'Brilliant' show from Falcon Players

Brilliant Traces by Falcon PlayersBy Max Wiater
“Brilliant Traces” by Cindy Lou Johnson is the most recent production by the Falcon Players, the only student-run drama program at Fitchburg State. Director Jessica Killam and her crew did a fantastic job brining the lonely Alaskan countryside to our campus.
The stage is the interior of Henry Harry’s house in a remote Alaskan area, as a storm blows outside. We see Henry (Justin Nelson) asleep in his bed when a scream is heard offstage. Rosannah DeLuce (Erika Haynes) runs through the door – distressed, tired, and hungry, as her car has broken down during the storm. She faints on Henry’s rug and is picked up and placed into his bed. After two days of sleep, Rosannah wakes to find Henry taking care of her. In an emotional series of conversations, they learn of each other’s lives and the struggles that haunt them.
I didn’t know what to expect as I waited in Percival Auditorium to watch “Brilliant Traces.” I was intimidated by the 90-plus minutes run time with only one scene, two actors, and no intermission. But I cast my fears aside as I realized how gifted the cast is.
Haynes’ opening monologue is staggeringly long but portrayed very well. Her voice is shrill and her movements are fast as she looks around the room, ignoring the fact that she has broken into Henry’s house and is interrupting his sleep. She embodies the “damsel in distress” perfectly.
Nelson is equally impressive as Henry. His character isn’t accustomed to guests in his home, so when Rosannah happens across his house he is awkward but simultaneously comforting as a proper host who makes soup and feeds her bread. Nelson’s performance reminded me of Lloyd Dobler from the movie “Say Anything…,” soft-spoken, but full of emotion.
Though the story is great, the chemistry between these two actors was the main attraction of the show. The bi-polarity of their acting is engaging to watch; one minute the actors are manic and confrontational, then shift easily and act somber or at ease. They work together and act off each other’s emotions with such fluidity.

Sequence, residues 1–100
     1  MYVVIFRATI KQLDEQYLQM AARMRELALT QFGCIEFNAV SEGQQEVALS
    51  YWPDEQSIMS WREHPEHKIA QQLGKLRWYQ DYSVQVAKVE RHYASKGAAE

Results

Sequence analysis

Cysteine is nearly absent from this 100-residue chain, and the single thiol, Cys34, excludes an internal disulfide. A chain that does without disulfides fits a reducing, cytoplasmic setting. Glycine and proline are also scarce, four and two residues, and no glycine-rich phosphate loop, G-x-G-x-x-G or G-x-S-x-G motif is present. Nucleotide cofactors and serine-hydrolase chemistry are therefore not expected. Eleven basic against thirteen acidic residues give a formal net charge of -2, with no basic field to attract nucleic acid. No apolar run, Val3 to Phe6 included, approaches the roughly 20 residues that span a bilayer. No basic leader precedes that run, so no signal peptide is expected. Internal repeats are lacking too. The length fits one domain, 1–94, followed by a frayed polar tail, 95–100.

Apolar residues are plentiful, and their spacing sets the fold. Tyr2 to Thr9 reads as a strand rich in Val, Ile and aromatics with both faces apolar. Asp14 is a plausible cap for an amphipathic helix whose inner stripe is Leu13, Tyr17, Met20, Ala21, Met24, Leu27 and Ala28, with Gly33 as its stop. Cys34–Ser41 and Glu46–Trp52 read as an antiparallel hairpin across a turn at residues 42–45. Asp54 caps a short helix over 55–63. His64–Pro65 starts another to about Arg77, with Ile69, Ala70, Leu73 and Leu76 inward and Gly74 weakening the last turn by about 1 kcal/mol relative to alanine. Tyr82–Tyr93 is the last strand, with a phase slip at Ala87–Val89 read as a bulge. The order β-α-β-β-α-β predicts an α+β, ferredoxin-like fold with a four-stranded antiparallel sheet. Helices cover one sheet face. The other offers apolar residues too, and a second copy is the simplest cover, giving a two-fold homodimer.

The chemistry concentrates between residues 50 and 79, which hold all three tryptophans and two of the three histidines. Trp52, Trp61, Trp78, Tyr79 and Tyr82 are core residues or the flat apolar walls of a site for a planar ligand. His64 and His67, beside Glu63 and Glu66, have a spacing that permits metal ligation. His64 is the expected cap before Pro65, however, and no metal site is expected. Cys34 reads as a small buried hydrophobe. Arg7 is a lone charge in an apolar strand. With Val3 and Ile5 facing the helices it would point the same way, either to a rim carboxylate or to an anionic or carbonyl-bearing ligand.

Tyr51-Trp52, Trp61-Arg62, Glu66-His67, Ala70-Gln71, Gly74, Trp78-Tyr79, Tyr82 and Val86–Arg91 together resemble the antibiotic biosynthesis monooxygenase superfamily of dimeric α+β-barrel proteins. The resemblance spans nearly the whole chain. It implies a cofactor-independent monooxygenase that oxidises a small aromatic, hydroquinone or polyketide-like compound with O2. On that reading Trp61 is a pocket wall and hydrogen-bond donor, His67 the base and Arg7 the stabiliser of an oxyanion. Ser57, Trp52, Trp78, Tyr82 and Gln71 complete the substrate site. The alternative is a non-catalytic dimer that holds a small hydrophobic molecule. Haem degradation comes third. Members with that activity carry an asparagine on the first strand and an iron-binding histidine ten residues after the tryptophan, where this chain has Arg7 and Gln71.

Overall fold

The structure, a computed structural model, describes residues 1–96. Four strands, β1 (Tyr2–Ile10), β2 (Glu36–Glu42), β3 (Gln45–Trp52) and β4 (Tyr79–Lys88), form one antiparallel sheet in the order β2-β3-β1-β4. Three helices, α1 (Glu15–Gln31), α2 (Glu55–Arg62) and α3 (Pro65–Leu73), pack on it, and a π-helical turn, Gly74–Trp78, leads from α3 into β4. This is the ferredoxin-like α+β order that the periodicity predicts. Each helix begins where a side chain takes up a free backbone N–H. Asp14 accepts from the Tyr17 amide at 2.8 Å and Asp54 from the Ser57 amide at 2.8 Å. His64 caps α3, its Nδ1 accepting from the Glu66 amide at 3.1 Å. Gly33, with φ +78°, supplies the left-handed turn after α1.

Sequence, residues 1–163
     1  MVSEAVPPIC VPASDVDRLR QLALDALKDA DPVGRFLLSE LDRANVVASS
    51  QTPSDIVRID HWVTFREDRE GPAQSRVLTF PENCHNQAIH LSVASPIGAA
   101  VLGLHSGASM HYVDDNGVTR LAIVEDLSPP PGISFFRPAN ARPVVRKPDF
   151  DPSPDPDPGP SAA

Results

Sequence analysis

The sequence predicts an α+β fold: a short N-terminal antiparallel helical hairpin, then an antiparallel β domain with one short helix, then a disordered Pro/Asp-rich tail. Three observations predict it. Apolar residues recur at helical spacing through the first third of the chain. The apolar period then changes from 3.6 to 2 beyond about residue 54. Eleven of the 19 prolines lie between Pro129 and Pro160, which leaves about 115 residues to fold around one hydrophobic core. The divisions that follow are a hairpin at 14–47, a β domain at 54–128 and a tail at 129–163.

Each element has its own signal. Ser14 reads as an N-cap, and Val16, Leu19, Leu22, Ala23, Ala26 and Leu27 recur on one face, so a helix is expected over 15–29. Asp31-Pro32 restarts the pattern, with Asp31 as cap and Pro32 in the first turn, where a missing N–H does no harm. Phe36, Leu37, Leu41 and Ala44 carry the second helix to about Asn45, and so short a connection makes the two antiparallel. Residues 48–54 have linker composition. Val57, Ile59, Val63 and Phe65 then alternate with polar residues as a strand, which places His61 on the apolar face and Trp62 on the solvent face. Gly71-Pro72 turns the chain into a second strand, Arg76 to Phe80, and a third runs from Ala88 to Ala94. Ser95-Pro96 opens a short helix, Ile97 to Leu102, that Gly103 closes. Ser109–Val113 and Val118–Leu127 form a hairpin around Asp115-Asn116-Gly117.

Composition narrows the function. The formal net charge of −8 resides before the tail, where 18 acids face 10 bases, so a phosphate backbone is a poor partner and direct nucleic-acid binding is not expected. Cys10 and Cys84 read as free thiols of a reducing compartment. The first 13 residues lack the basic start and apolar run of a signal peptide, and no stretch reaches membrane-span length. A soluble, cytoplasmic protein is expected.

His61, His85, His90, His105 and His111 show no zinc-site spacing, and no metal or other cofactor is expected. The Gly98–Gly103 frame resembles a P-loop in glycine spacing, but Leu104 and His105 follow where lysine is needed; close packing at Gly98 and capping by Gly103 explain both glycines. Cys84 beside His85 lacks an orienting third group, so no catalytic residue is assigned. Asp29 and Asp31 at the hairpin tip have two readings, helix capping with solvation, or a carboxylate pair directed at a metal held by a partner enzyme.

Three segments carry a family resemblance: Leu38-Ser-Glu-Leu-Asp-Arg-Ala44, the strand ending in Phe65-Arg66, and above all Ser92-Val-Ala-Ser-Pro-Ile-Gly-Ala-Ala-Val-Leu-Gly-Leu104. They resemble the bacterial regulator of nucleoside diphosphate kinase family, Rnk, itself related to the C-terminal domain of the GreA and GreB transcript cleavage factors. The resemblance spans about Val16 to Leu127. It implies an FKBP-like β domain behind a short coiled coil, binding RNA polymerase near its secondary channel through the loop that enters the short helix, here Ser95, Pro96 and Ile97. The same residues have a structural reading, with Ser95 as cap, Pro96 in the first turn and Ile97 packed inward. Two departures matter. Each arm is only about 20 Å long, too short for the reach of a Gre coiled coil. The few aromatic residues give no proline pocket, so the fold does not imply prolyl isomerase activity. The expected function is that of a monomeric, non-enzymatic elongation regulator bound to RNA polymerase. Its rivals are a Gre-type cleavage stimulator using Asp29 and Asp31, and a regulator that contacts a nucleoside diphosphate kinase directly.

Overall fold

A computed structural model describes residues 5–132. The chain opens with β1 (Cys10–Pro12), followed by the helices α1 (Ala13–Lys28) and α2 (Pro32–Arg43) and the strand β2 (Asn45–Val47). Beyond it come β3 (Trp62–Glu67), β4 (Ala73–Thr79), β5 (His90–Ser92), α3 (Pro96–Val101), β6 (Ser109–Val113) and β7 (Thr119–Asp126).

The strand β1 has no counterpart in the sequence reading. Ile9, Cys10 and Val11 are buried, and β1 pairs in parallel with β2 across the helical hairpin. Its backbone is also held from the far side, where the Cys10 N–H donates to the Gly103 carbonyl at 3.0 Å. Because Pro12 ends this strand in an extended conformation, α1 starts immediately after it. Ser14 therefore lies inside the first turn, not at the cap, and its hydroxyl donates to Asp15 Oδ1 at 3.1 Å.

I managed to get the small cast and director down from the stage after their last performance to talk about how “Brilliant Traces” came to Fitchburg State, the rehearsal process, and the Falcon Players.
Wiater: So what was the rehearsal process like with just two characters and one scene?
Nelson: The rehearsal process is always hard because of school. With me, I work and go to class full-time and am a film major, where all my projects are done outside of class – so to fit a play in is insane. I’m lucky to have Jess [Killam] as the director so we could work around my schedule, because the hardest part is always finding the time; after that it’s pure memorization, because we can’t progress anywhere until we’re “off-book.”
Haynes: I have to agree, it’s time-consuming and there are so many lines. I have four or five really long monologues I have to memorize on top of other school work. But I wanted to get off-book quickly so we can rehearse – but Justin and I took a little bit to get to know each other.
Nelson: [Laughs] Yeah, there was a bit of tension until she figured out my sarcasm, but after that we were good! And I tend to stay in character for a bit after I rehearse, so I stay in weird moods because the play is clearly emotional. I need to be in that character’s mindset to a point. I didn’t want to be close with her because it would ruin the process.
Haynes: I’m the opposite, I need to be close with my co-star, I like to know them well and hang out with them. I was always slightly offended and never knew why he was so mean to me [laughs] but the rehearsals were interesting because of the dynamic we had on and off stage.